We’ve reached the point of the offseason that we call “the dog days of summer”. When free agency has passed, the news cycle cools down, and we typically face a month or so of crickets from the hockey world while everyone waits for training camp to start up. I say “typically” because, this year, the month of August will feature the 2022 World Junior Championship. The original tournament, which was meant to be held in December 2021 and January 2022, was canceled only two days in after a series of COVID-19 outbreaks throughout the teams. As a result, fans will get hockey in August, and the rescheduled tournament will kick off on Aug 9.
This summer’s tournament will be a little bit different. For one, Russia will not be icing a team after being banned in response to the country’s invasion of Ukraine. On top of that, many high-profile players including Slovak phenoms Juraj Slafkovsky and Simon Nemec, as well as Canadian forward Shane Wright will be missing the tournament due to training camps for their respective teams. Nevertheless, hockey in August doesn’t come around often, and the tournament still looks to be a good one. To help tee up the festivities, here are six predictions ahead of the 2022 World Junior Championship.
Mason McTavish Wins Best Forward of the Tournament
It’s been an eventful two years for Mason McTavish, a 6-foot-1, 207-pound centre who played in every league from the NHL, American Hockey League (AHL), Ontario Hockey League (OHL) to even a stint in Switzerland in 2020-21. A third overall pick of the Anaheim Ducks in 2021, he has already collected international hardware, as he helped Team Canada to a gold medal at the 2021 U18 World Championships, and he’ll look to add to that resume at the U20 tournament.
The former Hamilton Bulldog dazzled in the two games Canada played prior to the cancellation, tallying five points, and he will look to do more of the same in the August edition of the tournament. McTavish will serve as team captain for the Canadians, and I would expect him to play in just about every situation between the power play, penalty kill, and high-leverage situations. He’s proven that he can hold his own playing against grown men, so I would expect him to dazzle in the spotlight. The possibility of him playing alongside 2023 Draft phenom Connor Bedard is an exciting one, and the two of them could make for a deadly duo for Canada.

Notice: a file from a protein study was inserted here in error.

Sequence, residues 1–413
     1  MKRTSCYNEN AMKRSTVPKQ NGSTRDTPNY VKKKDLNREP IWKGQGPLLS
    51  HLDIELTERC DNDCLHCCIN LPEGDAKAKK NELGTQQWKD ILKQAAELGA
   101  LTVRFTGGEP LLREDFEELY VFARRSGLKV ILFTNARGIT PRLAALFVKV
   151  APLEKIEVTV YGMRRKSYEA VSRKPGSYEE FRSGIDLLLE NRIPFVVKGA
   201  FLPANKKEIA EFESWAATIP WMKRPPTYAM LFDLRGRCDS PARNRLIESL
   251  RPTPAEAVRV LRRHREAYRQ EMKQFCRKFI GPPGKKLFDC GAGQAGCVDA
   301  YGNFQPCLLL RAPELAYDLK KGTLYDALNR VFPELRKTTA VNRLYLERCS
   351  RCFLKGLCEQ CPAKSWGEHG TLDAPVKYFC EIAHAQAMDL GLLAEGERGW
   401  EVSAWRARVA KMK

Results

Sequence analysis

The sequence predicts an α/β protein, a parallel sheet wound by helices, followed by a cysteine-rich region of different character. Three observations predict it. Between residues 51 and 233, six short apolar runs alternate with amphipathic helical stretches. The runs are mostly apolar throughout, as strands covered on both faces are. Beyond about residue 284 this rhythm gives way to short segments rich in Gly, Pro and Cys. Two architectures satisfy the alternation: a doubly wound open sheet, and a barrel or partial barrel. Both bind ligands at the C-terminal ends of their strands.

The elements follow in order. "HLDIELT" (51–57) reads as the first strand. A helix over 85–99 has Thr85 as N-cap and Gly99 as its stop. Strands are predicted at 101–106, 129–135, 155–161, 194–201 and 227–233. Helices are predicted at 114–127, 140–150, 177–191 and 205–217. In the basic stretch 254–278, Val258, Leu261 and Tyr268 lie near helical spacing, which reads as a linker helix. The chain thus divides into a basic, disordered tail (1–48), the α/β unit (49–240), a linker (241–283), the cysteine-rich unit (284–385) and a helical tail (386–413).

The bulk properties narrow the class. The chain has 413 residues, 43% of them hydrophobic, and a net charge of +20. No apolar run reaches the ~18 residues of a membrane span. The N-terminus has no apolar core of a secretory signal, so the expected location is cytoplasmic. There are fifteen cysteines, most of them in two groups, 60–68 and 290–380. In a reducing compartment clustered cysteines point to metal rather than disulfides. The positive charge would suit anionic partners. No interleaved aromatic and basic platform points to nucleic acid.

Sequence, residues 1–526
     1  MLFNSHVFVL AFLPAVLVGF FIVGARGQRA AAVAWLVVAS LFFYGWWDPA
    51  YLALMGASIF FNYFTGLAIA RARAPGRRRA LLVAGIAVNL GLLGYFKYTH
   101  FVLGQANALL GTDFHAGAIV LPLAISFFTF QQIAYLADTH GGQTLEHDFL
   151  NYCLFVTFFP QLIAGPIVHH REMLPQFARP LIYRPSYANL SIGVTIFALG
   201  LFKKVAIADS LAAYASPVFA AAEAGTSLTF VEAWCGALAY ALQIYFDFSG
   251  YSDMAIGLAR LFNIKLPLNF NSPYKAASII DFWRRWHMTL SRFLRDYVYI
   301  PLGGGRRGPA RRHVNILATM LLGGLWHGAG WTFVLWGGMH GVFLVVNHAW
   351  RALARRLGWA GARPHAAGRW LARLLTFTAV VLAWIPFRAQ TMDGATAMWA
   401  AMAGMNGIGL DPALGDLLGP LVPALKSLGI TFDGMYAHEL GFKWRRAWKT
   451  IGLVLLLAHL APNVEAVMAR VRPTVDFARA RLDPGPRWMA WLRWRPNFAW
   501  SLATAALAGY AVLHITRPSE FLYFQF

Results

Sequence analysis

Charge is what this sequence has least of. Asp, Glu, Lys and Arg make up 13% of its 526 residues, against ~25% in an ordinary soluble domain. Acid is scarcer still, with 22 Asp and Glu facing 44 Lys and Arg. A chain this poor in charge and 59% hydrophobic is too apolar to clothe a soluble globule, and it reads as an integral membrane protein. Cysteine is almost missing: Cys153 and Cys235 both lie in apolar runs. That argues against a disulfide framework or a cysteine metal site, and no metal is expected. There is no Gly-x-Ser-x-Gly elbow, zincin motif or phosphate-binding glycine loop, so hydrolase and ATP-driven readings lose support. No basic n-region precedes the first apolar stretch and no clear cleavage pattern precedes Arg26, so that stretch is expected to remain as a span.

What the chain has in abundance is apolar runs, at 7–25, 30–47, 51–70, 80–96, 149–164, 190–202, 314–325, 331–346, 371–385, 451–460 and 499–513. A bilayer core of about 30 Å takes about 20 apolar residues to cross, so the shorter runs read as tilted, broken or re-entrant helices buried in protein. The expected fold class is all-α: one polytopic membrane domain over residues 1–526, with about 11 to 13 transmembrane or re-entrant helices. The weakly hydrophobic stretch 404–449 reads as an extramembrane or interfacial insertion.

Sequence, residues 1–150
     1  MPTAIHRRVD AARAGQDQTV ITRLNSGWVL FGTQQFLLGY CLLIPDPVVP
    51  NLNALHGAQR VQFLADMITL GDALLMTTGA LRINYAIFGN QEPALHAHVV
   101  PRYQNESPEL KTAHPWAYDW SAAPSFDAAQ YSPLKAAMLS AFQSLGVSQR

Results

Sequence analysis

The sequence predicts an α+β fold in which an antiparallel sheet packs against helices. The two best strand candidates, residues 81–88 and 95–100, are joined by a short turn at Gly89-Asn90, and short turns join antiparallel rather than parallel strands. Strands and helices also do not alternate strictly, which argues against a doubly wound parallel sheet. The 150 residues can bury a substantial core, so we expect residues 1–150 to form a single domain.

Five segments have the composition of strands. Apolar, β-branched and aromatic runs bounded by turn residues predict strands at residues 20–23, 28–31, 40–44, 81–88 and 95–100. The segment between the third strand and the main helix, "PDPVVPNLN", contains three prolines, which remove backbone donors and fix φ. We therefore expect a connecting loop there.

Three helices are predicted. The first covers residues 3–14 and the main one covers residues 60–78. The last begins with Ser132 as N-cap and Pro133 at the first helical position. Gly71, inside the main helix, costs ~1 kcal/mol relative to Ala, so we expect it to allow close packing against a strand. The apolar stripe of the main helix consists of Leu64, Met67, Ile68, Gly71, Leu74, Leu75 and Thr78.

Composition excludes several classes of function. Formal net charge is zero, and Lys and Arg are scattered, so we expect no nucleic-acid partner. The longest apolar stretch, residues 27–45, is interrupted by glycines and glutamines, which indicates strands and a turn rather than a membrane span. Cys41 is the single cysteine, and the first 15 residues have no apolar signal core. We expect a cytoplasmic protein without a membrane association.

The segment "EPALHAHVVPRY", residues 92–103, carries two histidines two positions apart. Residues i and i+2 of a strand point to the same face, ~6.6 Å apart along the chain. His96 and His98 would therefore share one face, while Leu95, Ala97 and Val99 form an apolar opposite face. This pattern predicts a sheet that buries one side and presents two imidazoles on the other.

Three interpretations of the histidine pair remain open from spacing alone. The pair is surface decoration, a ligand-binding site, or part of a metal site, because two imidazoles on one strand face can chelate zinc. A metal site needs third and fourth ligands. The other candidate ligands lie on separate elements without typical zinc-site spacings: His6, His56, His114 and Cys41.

Topi Niemela Wins Best Defenseman of the Tournament
This is a bit of a boring prediction, especially considering Niemela won Best Defenseman of the Tournament honours in 2021. But, the way I see it, he is one year older and one year stronger and will be able to use his experience from last year’s event to his advantage this year. Not only that, but he had an offensive explosion in his third season with Finland’s Karpat, tallying 32 points in 48 games. Consider that he won the 2021 award with eight points in nine games, and clearly developed something on the offensive side of the game that worked in his favour playing pro.
If Niemela can apply that to a competition against players his own age, it should work in his favour. He is one of the older defensemen on the Finnish backend, and his prior experience will be heavily relied upon in all situations. He possesses a sneaky accurate shot from the point, and his hockey IQ will make him a valued asset on the penalty kill as well. A lot can happen in such a condensed tournament, so this award is far from guaranteed even though he won it last year. But as long as he does the same things that won it for him in 2021, he’ll have good odds to do it again.
Jesper Wallstedt Wins Best Goaltender of the Tournament
Goaltenders are always a wildcard to go in the first round of the draft since they’re so hard to evaluate. So the fact that it was seen as a steal when the Minnesota Wild drafted Jesper Wallstedt 20th overall in 2021 should speak volumes about his skill. The 20-year-old appeared in two games at the 2021 tournament and impressed with a save percentage (SV%) of .923, but didn’t get much of a chance to shine as he was sharing the crease with Tampa Bay Lightning prospect Hugo Alnefelt.
With Alnefelt too old to return to this year’s tournament, the crease will (or should, at least) belong to Wallstedt. Anaheim Ducks prospect Calle Clang will be right there in relief should Wallstedt falter, but I imagine that won’t be the case. Russia’s absence from the tournament will mean no Yaroslav Askarov to compete with him for the honour, and with both the United States and Finland having inexperience between the pipes, his toughest competition will be Canada’s Brett Brochu or Sebastian Cossa. He’s demonstrated the ability to track the puck with ease, and his poise and calmness will be a welcomed factor in high-leverage games.
Finland Wins Bronze